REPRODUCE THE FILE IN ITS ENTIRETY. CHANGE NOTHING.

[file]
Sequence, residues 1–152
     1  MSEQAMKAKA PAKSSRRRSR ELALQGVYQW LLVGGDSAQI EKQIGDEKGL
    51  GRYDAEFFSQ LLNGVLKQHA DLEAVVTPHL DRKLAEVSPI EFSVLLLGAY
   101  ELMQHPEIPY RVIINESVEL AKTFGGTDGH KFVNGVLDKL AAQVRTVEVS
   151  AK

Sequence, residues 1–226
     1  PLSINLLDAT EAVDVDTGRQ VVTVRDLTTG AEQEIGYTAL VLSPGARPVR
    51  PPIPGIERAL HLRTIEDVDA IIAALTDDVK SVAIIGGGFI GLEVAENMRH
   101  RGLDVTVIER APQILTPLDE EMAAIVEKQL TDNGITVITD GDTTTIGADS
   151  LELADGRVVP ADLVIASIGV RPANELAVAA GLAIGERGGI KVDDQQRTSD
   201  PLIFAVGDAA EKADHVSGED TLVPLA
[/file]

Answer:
Sequence, residues 1–152
     1  MSEQAMKAKA PAKSSRRRSR ELALQGVYQW LLVGGDSAQI EKQIGDEKGL
    51  GRYDAEFFSQ LLNGVLKQHA DLEAVVTPHL DRKLAEVSPI EFSVLLLGAY
   101  ELMQHPEIPY RVIINESVEL AKTFGGTDGH KFVNGVLDKL AAQVRTVEVS
   151  AK

Sequence, residues 1–226
     1  PLSINLLDAT EAVDVDTGRQ VVTVRDLTTG AEQEIGYTAL VLSPGARPVR
    51  PPIPGIERAL HLRTIEDVDA IIAALTDDVK SVAIIGGGFI GLEVAENMRH
   101  RGLDVTVIER APQILTPLDE EMAAIVEKQL TDNGITVITD GDTTTIGADS
   151  LELADGRVVP ADLVIASIGV RPANELAVAA GLAIGERGGI KVDDQQRTSD
   201  PLIFAVGDAA EKADHVSGED TLVPLA